Now more than 10 years old, the Department of Homeland Security (DHS) no longer can blame its continued program failures, employee misconduct, and lingering management challenges on “growing pains.”

The Department of Homeland Security no longer can blame its continued program failures, employee misconduct and lingering management challenges on “growing pains.”

Since its inception, DHS has faced significant obstacles, including consolidating 22 pre-existing agencies and reporting to approximately 100 congressional oversight committees, all while trying to strike a balance between national security and protecting privacy. However, with this country more than $19 trillion in debt, our taxpayers can’t afford to support failing management.

Through hearings, site visits, legislation, and watchdog reports, the Subcommittee on Oversight and Management Efficiency, which I chair, has identified areas of cost-savings, provided transparency to the American people, and highlighted numerous deficiencies within the department that are ripe for improvement.

Some examples of our oversight efforts include the following:

Reforming DHS’ process for major purchases: After significant oversight last Congress, the subcommittee continued efforts to reform the department’s broken and bureaucratic process for purchasing technologies.

Watchdogs from the Government Accountability Office testified before the subcommittee that programs continue to cost more, take longer to field, and fail to meet mission requirements. As a result of these findings, the House passed committee legislation that increases accountability over major acquisition programs, provides greater transparency to Congress, and requires DHS to better communicate with industry. These efforts will help save taxpayer dollars and more efficiently provide frontline personnel the tools they need.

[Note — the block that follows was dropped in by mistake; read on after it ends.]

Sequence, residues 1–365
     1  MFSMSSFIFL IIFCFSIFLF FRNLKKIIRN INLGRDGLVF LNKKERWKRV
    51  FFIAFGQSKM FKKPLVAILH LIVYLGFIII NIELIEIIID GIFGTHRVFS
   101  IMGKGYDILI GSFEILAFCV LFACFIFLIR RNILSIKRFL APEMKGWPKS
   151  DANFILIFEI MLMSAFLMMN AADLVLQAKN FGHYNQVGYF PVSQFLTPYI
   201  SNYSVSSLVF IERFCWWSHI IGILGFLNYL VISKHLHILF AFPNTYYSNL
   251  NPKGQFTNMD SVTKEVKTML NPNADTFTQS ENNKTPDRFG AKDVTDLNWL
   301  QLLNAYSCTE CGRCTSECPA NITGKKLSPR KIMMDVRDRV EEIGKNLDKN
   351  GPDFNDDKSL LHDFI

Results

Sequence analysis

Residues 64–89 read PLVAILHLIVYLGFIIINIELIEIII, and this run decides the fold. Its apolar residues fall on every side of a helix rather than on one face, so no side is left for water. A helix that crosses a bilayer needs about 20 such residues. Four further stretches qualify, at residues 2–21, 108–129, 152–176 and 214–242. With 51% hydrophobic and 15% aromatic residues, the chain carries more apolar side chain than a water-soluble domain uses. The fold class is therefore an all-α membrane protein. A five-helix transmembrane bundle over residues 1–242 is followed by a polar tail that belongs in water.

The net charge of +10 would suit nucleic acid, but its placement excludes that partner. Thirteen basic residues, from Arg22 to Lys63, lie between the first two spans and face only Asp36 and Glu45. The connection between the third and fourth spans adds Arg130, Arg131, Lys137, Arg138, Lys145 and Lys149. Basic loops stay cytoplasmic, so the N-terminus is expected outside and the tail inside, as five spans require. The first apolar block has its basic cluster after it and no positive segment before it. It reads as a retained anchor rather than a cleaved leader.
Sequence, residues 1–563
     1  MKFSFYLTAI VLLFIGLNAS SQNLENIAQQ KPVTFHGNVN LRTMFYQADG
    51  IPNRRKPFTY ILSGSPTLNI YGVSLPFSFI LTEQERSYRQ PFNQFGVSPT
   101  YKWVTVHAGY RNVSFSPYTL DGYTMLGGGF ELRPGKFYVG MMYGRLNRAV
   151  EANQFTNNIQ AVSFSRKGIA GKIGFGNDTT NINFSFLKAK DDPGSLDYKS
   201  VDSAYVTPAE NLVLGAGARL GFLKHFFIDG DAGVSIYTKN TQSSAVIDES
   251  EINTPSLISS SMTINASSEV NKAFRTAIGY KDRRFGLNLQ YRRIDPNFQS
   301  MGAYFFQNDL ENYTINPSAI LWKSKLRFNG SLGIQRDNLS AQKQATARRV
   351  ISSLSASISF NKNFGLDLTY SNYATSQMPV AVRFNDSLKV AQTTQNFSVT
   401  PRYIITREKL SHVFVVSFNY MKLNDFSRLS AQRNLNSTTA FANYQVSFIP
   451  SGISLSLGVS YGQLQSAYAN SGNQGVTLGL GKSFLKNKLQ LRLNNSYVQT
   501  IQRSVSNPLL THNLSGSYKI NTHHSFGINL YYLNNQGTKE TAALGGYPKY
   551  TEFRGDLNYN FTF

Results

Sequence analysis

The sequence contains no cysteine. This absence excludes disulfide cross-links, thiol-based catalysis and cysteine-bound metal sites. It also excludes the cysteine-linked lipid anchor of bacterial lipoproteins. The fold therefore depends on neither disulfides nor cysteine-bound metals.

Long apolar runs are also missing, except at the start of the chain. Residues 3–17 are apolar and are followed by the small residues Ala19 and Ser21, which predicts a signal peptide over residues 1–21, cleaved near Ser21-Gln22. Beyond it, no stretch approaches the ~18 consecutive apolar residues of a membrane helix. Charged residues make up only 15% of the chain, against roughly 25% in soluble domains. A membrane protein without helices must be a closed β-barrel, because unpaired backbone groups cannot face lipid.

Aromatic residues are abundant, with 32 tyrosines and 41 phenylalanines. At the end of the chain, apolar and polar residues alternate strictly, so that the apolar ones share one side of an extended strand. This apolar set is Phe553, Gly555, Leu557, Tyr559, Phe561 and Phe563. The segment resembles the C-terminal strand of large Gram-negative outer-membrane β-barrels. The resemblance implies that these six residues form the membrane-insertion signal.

Investigating the mismanaged vehicle fleet at the Federal Protective Service (FPS):  On Oct. 21, 2015, the DHS Office of Inspector General (OIG) reported that the FPS has more vehicles than people. The IG identified countless other management failures, including FPS overpaying for its vehicles and not justifying authorizations for officers in the Washington area to commute to and from home using their law enforcement vehicles.

OIG concluded that in fiscal year 2014 alone, FPS could have saved $2.5 million with better management and oversight. Although a small portion of DHS’s overall budget, such mismanagement is unacceptable, which is why I introduced bipartisan legislation, H.R. 4785—the DHS Stop Asset and Vehicle Excess Act, which was passed by the House Homeland Security Committee in March.

My bill improves management of DHS vehicle fleets by authorizing the under secretary for management at the headquarters level to oversee vehicle fleets, requires the components to evaluate their fleets on an ongoing basis, includes penalties for mismanagement of fleets, and requires DHS to identify alternative methods for management.

With the second largest civilian vehicle fleet in the federal government, DHS must have stricter controls in place in order to rein in rogue components.

Confronting DHS’ misplaced focus on climate change: The Department of Homeland Security has produced over 10 separate documents on climate change since 2010.

The 2014 Quadrennial Homeland Security Review (QHSR)—the key strategic document for DHS—even listed trends associated with climate change as a major area of homeland security risk.  No matter your views on climate change, there are other federal agencies better positioned to address this issue, such as the National Oceanic and Atmospheric Administration (NOAA).

Our subcommittee has questioned whether DHS’ continued, intense focus on climate change is the best use of limited taxpayer resources. I think most 4th district residents would agree with me that the daily threats from Islamist foreign fighters, home-grown extremists, cyber hackers, and other challenges are where DHS should be concentrating its time and efforts.

Examining misconduct at the United States Secret Service: From the solicitation of prostitutes in Cartagena, to an intruder in the White House, and to the latest scandal about agents illegally accessing a member of Congress’ personal information, the Secret Service has been riddled with allegations and accounts of misconduct. Our subcommittee examined why these embarrassing problems continue and how they might be resolved. The Secret Service needs to live up to its reputation as one of the most elite law enforcement agencies in the world.

During the second session of the 114th Congress, I’ll continue to maintain vigilant oversight to ensure the DHS is operating as efficiently and effectively as possible.

The Oversight and Management Efficiency Subcommittee will continue to monitor the department and offer constructive solutions to ensure all programs have the proper support for keeping the homeland safe while being much better stewards of taxpayer dollars.